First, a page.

Petro Podrezo Software Engineer

Jira Connector for Google Data Studio

Jira for Google Data Studio is a community connector for Google’s Data Studio product. It allows you to pull statistics like story lead time into Data Studio and generate reports that help your team gather insights into potential process changes that may improve delivery.

Example chart showing team throughput

How does it work?

Data Studio is a free product offered by Google that allows you to build reports using a plethora of data sources. With this connector you will be able to add a data source that targets your Jira instance. The connector code runs as a Google Apps Script (similar to Google Sheets scripts) in the context of your Google account. This connector code makes requests to my proprietary API which pulls data from Jira and crunches the statistics.


The connector is not currently public; eventually my goal is to submit it to Google so that it will appear in the Data Studio Connector Gallery but in the meantime access must be requested from me directly. If you need assistance getting it set up, please contact me.

Setting it up

Once you have been granted access to the connector itself, you will need to add it as a data source to your report.

You will be prompted for your Jira credentials - for this you will need your Jira token. To issue a new access token for your user go to your Jira account settings, then go to Security > API Token > Create and manage API tokens and create a new token. The token will be copy/pasted to the token field in Data Studio and your username will be your Jira e-mail prefixed with the instance ID and a forward slash. This is required because each Jira instance runs on its own subdomain and without knowing which domain is associated with your username it will be impossible to connect to the API. So, for example if you access Jira via and if your Jira e-mail is then your username for the purposes of the Data Studio connector will be mycompany/

Once authentication has succeeded, you will be prompted to enter a JQL query and select the type of report you’re interested in. The JQL query is essentially the filter for which issues you want to calculate statistics for. At its simplest, this could be project = XYZ but you can play with the “issues” view in Jira to create more customized filters to match your needs. For example, you may want to ignore sub-tasks and epics (project = XYZ AND issuetype != Sub-task AND type not in ("Epic")). For more info regarding JQL check out Atlassian’s documentation on the subject.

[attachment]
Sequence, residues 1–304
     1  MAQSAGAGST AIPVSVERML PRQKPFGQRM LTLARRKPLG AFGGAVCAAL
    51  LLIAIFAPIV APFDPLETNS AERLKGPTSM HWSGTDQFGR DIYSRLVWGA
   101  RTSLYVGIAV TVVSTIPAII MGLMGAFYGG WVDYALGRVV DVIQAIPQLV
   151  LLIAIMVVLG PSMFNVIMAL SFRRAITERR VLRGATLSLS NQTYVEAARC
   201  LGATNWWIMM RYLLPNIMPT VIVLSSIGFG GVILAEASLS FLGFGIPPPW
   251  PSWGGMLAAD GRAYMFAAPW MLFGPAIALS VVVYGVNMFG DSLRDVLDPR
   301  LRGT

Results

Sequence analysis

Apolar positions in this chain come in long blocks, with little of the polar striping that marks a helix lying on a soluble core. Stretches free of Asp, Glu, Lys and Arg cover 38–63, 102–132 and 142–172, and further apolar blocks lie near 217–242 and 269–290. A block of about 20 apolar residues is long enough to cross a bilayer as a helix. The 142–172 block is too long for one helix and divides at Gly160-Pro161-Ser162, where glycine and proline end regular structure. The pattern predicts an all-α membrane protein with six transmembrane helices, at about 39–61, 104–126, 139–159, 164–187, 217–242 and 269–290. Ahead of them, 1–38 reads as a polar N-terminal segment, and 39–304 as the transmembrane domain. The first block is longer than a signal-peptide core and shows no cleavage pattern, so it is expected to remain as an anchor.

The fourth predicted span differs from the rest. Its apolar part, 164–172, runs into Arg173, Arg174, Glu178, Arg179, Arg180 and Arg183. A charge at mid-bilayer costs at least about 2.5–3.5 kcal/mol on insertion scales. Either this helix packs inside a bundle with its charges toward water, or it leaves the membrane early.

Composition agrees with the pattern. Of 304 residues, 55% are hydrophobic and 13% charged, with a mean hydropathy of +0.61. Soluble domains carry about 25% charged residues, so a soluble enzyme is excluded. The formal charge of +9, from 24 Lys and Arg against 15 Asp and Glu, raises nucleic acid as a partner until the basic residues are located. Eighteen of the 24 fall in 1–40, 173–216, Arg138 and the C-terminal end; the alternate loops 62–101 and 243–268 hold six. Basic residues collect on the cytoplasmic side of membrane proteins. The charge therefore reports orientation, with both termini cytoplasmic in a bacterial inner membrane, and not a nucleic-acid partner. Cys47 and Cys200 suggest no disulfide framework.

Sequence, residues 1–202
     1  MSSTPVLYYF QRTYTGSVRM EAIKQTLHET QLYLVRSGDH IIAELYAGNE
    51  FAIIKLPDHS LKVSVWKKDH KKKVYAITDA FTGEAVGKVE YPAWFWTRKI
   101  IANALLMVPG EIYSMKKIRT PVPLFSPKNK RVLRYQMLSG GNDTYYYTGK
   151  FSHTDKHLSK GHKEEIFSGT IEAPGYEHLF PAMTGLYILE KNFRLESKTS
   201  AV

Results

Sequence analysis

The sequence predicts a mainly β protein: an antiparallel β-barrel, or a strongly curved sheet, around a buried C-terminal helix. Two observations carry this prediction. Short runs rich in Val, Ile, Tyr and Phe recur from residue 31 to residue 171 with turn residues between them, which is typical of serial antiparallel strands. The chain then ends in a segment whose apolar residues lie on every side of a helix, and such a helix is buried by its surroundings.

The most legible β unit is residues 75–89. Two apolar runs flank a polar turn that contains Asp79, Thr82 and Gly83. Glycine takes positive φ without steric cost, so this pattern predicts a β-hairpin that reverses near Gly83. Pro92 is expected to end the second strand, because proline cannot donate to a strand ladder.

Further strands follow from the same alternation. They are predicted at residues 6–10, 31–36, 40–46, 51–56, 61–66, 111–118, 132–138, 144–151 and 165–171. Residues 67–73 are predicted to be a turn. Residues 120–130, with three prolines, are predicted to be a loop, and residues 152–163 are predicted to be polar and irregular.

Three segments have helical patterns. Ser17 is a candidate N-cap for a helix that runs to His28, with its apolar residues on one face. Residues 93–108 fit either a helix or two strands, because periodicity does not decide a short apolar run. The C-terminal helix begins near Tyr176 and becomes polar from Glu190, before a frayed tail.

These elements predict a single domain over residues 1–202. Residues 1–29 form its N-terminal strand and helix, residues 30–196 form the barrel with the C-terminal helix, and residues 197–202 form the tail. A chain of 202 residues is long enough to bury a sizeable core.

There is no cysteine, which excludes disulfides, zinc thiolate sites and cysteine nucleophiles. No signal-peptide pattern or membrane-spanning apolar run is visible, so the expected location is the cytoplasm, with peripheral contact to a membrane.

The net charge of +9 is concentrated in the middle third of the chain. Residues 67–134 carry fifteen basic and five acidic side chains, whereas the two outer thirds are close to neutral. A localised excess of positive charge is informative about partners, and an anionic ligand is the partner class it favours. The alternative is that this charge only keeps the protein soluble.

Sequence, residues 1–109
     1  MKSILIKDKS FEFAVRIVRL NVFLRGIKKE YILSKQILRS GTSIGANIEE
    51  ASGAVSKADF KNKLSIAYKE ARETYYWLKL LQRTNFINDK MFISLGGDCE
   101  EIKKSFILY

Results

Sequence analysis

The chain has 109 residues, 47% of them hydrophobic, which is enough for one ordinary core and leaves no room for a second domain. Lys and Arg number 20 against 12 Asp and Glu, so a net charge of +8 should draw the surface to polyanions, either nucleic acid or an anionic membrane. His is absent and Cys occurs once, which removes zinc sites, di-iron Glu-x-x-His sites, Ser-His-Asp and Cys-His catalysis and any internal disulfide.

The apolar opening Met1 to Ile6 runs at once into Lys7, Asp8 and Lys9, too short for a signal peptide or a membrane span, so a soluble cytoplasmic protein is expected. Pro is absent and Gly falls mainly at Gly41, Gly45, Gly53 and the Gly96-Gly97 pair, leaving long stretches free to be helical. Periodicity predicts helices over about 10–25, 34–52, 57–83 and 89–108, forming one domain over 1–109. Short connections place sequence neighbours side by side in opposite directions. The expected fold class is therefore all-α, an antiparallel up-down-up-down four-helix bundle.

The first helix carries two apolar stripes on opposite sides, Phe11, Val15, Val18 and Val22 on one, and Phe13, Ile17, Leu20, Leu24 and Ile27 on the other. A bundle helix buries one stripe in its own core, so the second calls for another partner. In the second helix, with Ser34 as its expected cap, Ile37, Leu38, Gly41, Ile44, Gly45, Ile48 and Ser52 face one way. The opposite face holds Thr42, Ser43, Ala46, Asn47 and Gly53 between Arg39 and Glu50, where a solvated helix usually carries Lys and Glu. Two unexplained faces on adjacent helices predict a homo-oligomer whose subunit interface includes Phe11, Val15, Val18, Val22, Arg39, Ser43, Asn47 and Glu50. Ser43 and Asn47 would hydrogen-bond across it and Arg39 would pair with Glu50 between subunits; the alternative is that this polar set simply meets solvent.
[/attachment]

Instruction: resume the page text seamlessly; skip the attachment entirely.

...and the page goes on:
For the “report type” select whichever one you are interested in. If you want both, which is likely, you’ll simply need to add a second data source using the same JQL query but the opposite report type.

What’s the difference between the “Issue” and “Daily” report types?

In Data Studio there is a concept of “dimensions” (ways to categorize data points) and “metrics” (which are statistics that can be applied in aggregate to groups of data points). For values like lead time (a metric) the corresponding smallest dimension is the issue key (e.g. XYZ-123). However, for values like the number of issues in WIP or the cumulative finished issues there is no corresponding issue key - the smallest dimension (really pair of dimensions) for that value is the day which you are looking at and the issue type. For this reason, calculating WIP/finished issues/throughput is impossible to do without also separating the concept of lead times.

How are lead times calculated?